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Effect of Water Balance on Thermoregulation in Waterproof Frogs (Chiromantis and Phyllomedusa)

Vaughan H. Shoemaker, Mary Ann Baker and John P. Loveridge
Physiological Zoology
Vol. 62, No. 1 (Jan. - Feb., 1989), pp. 133-146
Stable URL: http://www.jstor.org/stable/30160002
Page Count: 14
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Since scans are not currently available to screen readers, please contact JSTOR User Support for access. We'll provide a PDF copy for your screen reader.
Effect of Water Balance on Thermoregulation in Waterproof Frogs (Chiromantis and Phyllomedusa)
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Abstract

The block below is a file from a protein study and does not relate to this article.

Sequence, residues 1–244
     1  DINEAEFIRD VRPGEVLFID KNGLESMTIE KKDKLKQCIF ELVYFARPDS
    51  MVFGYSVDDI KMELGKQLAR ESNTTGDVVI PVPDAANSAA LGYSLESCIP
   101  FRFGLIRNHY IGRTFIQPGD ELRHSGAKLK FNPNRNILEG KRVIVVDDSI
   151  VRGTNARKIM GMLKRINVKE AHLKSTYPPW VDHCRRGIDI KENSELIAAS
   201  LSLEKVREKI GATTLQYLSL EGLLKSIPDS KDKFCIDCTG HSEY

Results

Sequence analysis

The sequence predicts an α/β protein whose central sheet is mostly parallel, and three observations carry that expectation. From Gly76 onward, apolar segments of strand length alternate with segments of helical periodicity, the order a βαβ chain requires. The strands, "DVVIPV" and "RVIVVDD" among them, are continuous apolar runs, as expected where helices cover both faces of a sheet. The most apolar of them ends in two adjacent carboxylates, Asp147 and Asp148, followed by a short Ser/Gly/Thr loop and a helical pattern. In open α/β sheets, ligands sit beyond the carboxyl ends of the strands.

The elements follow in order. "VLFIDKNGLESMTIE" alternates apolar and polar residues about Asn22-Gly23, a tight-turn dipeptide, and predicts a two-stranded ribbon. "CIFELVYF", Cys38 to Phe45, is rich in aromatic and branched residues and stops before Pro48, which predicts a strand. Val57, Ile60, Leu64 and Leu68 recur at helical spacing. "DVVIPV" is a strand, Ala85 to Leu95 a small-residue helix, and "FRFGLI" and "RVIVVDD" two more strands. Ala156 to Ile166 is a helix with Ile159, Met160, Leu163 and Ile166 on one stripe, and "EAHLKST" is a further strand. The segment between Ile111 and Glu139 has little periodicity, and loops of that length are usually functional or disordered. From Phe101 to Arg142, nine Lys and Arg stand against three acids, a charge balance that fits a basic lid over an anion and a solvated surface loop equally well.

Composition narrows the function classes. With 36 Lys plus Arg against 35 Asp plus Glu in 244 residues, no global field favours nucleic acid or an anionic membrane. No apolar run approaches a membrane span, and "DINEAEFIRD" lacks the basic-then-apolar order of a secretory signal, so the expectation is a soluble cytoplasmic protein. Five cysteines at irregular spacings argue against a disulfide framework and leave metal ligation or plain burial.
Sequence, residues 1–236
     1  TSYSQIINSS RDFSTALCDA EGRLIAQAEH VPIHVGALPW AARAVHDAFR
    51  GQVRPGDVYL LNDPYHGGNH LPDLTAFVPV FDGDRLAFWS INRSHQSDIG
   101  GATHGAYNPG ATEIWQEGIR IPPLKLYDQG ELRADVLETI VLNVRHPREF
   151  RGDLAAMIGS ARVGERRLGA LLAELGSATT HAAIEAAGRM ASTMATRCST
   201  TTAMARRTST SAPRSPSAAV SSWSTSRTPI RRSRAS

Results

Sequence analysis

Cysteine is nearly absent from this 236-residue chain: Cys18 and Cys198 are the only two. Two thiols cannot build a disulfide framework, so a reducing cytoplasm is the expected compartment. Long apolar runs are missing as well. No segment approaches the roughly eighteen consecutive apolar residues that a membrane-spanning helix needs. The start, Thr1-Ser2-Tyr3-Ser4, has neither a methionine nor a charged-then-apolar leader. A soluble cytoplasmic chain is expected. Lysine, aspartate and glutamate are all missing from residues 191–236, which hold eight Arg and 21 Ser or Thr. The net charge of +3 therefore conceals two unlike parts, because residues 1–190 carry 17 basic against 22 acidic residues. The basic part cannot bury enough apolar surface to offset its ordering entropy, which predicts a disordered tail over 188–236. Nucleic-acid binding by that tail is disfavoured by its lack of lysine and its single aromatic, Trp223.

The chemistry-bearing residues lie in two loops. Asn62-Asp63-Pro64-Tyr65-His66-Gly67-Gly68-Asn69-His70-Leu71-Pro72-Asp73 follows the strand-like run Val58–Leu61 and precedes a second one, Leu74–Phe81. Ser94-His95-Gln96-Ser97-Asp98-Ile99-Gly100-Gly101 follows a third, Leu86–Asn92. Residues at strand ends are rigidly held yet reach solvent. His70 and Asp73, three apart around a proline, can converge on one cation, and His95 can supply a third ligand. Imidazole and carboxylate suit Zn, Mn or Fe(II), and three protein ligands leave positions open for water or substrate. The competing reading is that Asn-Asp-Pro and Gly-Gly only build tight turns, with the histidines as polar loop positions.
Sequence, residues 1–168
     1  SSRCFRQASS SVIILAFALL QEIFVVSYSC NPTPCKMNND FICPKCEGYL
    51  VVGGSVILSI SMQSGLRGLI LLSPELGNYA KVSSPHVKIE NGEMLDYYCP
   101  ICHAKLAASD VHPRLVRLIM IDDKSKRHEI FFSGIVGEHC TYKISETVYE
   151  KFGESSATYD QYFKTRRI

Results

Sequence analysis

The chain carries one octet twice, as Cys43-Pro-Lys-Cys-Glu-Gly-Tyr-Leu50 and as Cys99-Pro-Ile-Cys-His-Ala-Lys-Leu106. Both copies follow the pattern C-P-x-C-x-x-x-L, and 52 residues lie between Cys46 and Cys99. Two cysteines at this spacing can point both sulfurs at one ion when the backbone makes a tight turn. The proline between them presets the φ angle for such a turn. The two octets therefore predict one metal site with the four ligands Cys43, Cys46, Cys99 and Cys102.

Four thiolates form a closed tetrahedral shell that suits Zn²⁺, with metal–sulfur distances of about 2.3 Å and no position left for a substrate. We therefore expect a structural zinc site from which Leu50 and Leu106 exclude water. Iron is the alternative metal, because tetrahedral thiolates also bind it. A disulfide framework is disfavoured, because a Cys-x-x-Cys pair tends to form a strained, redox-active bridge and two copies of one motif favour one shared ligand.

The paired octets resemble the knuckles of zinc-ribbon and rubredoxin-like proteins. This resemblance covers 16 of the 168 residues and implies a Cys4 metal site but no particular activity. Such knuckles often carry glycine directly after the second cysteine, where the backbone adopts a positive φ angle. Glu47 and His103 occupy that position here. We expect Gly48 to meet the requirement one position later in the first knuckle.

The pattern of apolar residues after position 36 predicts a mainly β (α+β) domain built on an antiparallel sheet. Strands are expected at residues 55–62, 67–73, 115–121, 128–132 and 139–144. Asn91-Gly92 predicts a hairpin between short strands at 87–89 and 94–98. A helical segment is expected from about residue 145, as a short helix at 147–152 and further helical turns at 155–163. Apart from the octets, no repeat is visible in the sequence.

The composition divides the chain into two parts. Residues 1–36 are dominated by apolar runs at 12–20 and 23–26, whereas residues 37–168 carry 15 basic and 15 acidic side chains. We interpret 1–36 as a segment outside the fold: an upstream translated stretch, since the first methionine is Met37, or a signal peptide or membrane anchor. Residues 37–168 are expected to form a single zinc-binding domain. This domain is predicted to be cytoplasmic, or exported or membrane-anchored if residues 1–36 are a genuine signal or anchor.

Arboreal frogs of the genera Chiromantis and Phyllomedusa generally have low evaporative water loss (EWL) but can regulate water loss to maintain body temperature ($T_{b}$) at about 40 C at high ambient temperatures ($T_{a}$). Thermoregulatory responses of these animals were tested in a thermal gradient and in a wind tunnel to determine whether these responses were affected by the water balance of the animal Hydrated frogs maintained higher $T_{b}$ in the thermal gradient and frequently employed physiological thermoregulation (enhanced EWL) rather than move away from the heat source. When deprived of water they maintained lower $T_{b}$ and rarely employed evaporative cooling. When subjected to high $T_{a}$ in a wind tunnel, regulated $T_{b}$ was significantly lower (and EWL correspondingly higher) in animals having water reserves in their bladders. Infusion of water into frogs initially lacking bladder reserves decreased $T_{b}$ and increased EWL in both species. Infusion of hyperosmotic NaCl into hydrated animals increased $T_{b}$ and reduced EWL markedly in Chiromantis but resulted in only a slight rise in $T_{b}$ in Phyllomedusa. These frogs resemble other thermoregulating vertebrates in that both behavioral and physiological responses to heat are influenced by hydration state with the result that water is conserved when in short supply.

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